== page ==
The European Union is moving in on the final stages of a data transfer pact with the United States. Brussels issued a draft decision asserting that US safeguards against intelligence-gathering activities are robust enough to address concerns previously raised by the EU.

Both sides managed to seal a preliminary deal in March, which was good news for companies that had found themselves in legal trouble after the bloc’s top court struck down an EU-US data transfer agreement that had been in place in 2020. The concerns raised regarded US intelligence agencies being able to access the personal data of EU residents.

Safeguards in place

US President Joe Biden signed an executive order in October outlining new standards on intelligence gathering activities and creating a two-step system of regress, first to an intelligence agency watchdog and then to a court with independent judges.

Didier Reynders, the European Commission’s justice director, stated that the draft adequacy decision demonstrates that US protections now provide EU residents with the same data protection as EU laws.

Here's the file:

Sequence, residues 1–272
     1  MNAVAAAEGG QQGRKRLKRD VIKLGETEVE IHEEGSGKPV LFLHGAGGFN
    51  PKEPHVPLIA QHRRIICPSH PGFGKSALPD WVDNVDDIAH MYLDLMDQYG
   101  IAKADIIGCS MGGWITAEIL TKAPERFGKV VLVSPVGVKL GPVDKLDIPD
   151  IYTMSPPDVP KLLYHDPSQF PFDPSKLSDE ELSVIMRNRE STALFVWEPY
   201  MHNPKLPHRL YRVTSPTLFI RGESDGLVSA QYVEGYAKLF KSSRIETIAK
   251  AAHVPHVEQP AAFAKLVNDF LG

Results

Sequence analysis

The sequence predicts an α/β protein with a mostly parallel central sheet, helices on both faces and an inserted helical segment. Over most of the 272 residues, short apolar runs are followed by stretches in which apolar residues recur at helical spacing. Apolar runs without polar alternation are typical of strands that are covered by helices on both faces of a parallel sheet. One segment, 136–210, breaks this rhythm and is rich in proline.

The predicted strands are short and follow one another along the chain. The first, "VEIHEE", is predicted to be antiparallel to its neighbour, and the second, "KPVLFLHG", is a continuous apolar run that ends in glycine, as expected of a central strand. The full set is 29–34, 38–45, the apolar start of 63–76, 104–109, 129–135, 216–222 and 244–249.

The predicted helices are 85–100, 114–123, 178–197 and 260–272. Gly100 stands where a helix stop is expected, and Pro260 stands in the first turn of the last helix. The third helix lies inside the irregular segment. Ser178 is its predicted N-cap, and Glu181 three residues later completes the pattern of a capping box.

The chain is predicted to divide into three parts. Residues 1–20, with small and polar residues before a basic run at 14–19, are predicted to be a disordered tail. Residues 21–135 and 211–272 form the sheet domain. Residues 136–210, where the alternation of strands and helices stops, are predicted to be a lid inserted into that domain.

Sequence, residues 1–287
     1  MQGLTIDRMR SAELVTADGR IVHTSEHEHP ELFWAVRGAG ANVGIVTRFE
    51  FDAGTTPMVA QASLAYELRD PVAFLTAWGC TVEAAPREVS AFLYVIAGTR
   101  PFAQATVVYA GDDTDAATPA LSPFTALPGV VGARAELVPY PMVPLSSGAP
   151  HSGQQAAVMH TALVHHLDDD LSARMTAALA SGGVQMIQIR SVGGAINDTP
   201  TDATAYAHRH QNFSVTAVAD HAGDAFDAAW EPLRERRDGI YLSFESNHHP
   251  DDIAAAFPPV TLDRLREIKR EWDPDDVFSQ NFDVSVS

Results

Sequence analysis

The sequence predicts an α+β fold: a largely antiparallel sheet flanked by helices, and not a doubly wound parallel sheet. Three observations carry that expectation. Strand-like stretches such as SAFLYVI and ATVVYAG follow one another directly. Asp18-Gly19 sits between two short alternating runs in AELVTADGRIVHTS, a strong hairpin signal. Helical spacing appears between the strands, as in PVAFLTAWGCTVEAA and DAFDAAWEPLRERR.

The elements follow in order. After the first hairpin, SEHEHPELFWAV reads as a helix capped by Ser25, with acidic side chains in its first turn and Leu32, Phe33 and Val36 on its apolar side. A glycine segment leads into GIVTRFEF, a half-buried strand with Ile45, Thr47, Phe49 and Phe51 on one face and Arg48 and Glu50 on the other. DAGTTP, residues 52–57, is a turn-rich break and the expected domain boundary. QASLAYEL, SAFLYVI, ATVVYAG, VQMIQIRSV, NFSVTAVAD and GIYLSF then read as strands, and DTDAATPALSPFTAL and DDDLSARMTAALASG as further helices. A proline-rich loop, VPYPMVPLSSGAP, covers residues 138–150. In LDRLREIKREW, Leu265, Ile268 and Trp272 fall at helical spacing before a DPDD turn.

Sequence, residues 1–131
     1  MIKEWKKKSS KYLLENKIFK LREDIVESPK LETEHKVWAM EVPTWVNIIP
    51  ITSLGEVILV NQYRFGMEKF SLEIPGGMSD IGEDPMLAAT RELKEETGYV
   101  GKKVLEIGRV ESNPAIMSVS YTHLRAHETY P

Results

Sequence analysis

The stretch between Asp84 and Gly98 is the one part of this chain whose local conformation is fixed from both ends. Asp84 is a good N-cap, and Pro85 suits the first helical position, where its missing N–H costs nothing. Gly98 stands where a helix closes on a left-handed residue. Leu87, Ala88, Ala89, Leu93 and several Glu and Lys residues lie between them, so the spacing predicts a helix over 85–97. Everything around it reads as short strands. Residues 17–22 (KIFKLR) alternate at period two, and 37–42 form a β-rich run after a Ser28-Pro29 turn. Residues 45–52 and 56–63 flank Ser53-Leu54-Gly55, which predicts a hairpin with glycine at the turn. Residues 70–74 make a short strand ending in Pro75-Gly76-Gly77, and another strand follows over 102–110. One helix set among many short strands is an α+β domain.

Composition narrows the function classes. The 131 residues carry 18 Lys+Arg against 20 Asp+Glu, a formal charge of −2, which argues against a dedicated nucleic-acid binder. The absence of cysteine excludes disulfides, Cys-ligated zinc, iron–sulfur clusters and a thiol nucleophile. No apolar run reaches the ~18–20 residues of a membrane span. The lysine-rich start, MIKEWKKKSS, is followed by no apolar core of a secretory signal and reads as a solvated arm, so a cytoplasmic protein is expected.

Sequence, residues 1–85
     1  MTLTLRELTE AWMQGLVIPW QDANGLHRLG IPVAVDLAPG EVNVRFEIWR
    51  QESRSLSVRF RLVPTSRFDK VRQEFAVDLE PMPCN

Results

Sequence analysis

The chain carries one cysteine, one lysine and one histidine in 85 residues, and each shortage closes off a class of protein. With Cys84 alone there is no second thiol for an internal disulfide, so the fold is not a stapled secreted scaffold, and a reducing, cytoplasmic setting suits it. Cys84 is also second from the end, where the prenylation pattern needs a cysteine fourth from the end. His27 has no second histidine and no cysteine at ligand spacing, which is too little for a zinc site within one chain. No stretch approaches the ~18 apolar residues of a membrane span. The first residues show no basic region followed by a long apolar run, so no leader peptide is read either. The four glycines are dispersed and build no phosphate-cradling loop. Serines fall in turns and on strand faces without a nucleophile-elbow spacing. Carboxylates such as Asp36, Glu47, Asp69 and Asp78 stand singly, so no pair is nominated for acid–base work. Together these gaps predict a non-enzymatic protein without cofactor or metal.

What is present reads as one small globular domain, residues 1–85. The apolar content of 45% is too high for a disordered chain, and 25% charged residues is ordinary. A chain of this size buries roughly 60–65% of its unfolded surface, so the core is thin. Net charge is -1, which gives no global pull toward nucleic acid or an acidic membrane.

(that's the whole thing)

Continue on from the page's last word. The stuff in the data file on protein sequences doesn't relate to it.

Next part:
“Our analysis has shown that strong safeguards are now in place in the US to allow the safe transfers of personal data between the two sides of the Atlantic”, Reynders said in a statement. “The future Framework will help protect the citizens’ privacy, while providing legal certainty for businesses.”

Max Schrems opposes

Austrian privacy activist Max Schrems, who has successfully campaigned against US intelligence services accessing EU data for years, claimed the new US precautions remain insufficient for the data of residents outside the United States.

“I can’t see how this would survive a challenge before the Court of Justice”, he said. “It seems that the European Commission just issues similar decisions over and over again – in flagrant breach of our fundamental rights.”